Monday, 11 March 2013

The Prime of Miss Jean Brodie, by Muriel Spark

I entered into the reading of The Prime of Miss Jean Brodie with the idea that it was going to be a story somewhere along the lines of the Julia Roberts’ film Mona Lisa Smile, in which Roberts plays a teacher in a posh all-girls school in the 1950s. Somewhat unconventional, she tries to get her students to think outside the prim and proper boxes they have been placed in, much to the consternation of all those around her, keen to ensure the girls remain firmly within those boxes. As far as Miss Jean Brodie is concerned, the premise is quite similar, but the outcome - and the feel of the story - is entirely different.

Set in Edinburgh in the early thirties, Jean Brodie is labelled by her colleagues as a “progressive” teacher. Essentially what this means in terms of Miss Brodie’s particular teaching style is that she abandons all lesson plans and curriculum material, preferring instead to engage her students with stories of her own past experiences and love life. In my misconception that she was going to be playing the Julia Roberts role, I was expecting to find her a positive role model, to be a ‘modern’ woman fighting against the confines of a more uptight society. In this, it soon became apparent, I was wrong.

Very wrong. For, whilst being progressive in her way, I did not find Miss Jean Brodie particularly likeable. Are her teaching methods really any better than standard techniques? All that she really teaches her girls are her own opinions on things, forming a little clique of favoured students who quickly become known as the Brodie set. She bestows upon this particular group all of her time and her pearls of wisdom, ensnaring them into her rather pathetic and self-centered personal dramas.

The story is told predominantly from the perspective of the Brodie set (as opposed to Miss Brodie’s point of view), in particular that of Sandy, and it seems to me that the whole thing is rather unreliable. Firstly, Miss Brodie’s stories change over time depending on whatever her current reality is; secondly, the girls, young and impressionable as they are - not to mention socially uneducated in the modern sense - put their own spin on everything they hear, misinterpreting meanings and adding their own wild imaginations to the mix. Who knows where the truth of any of it really lies?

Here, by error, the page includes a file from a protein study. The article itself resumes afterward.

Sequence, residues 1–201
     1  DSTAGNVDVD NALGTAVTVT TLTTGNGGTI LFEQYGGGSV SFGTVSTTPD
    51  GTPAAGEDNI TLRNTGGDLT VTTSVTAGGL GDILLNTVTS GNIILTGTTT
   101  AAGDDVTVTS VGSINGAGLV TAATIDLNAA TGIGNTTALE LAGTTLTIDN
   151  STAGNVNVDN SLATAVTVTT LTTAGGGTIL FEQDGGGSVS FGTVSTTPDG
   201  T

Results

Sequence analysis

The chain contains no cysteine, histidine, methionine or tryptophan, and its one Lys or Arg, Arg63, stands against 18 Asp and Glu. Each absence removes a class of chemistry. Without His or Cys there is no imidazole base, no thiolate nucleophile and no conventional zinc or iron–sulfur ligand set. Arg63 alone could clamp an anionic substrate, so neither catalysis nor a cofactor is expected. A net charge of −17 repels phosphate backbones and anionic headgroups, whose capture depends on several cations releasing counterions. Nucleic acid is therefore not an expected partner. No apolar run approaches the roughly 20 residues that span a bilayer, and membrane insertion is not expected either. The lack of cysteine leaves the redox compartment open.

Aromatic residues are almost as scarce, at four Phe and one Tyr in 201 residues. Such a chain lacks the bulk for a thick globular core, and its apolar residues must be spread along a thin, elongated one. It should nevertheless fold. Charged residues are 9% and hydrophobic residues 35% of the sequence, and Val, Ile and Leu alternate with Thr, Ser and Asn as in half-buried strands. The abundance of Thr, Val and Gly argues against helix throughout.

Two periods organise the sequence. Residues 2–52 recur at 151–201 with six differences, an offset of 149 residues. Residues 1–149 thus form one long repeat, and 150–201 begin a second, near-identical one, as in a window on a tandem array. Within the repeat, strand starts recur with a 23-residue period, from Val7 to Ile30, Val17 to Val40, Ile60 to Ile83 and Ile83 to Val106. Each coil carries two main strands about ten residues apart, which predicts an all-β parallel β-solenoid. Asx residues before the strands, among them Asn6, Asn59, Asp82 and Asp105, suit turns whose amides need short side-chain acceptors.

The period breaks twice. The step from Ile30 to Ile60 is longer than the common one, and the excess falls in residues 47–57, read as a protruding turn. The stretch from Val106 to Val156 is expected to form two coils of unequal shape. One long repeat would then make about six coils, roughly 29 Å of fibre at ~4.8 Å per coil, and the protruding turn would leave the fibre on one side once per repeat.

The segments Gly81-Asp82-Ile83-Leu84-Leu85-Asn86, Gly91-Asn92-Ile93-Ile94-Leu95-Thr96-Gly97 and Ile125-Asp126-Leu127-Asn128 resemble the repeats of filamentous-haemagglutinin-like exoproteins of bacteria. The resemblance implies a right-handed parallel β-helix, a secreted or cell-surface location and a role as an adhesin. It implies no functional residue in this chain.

In the end, Miss Jean Brodie is a woman of little influence with only half a foot on life, who chooses to gain power and influence through the manipulation of her students. Her creation of the Brodie set is simply a way of gathering together a group of girls to worship at her feet - the girls are her possessions, much like her lover Mr. Lowther is a possession. When one of her girls eventually sees through her shiney surface and ‘betrays’ her confidences to her arch enemy, I found myself rooting for the betrayal rather than against it.

Muriel Spark has written a book full of nuance and suggestions, and hidden - or not so hidden - agendas. It was fascinating to read, to pick apart and consider all the different subtleties built into her characters, and wonder at what she was really trying to say. For anyone interested in writing this is a must-read because of the layers and intrigues that lie within - all of which are achieved in both a straightforward manner and in under 130 pages. Compelling and unsettling and a wonderful view into the inner workings of one self-centred woman’s slightly unhinged and misbegotten mind.

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